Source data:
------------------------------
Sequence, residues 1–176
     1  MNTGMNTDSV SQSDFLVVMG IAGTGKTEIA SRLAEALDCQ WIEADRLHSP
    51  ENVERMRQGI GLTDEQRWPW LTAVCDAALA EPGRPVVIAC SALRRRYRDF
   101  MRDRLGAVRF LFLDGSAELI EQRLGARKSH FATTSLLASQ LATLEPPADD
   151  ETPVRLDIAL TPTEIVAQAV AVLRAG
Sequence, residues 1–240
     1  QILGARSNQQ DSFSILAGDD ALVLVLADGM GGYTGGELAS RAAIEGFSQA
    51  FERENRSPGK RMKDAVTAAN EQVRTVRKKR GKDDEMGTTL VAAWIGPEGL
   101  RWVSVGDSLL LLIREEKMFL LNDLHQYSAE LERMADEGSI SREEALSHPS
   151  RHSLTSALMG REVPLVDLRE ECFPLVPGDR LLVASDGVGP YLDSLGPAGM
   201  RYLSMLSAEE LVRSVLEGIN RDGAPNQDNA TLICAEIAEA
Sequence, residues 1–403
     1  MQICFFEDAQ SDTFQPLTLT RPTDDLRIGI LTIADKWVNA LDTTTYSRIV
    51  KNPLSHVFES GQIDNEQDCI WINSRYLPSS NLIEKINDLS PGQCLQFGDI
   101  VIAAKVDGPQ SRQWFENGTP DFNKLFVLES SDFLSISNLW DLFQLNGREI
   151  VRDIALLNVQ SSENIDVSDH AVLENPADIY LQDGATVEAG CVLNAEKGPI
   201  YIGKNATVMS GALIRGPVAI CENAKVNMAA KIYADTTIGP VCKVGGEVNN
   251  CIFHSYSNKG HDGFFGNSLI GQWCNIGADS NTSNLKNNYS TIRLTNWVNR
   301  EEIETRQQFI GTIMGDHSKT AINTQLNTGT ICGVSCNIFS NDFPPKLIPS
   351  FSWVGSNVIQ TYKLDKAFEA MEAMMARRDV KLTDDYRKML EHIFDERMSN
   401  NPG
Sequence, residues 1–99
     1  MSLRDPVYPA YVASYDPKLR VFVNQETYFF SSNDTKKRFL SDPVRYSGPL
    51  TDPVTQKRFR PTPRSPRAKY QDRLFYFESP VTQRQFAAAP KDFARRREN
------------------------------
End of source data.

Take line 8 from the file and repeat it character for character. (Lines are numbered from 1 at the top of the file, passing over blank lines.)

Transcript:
    51  FERENRSPGK RMKDAVTAAN EQVRTVRKKR GKDDEMGTTL VAAWIGPEGL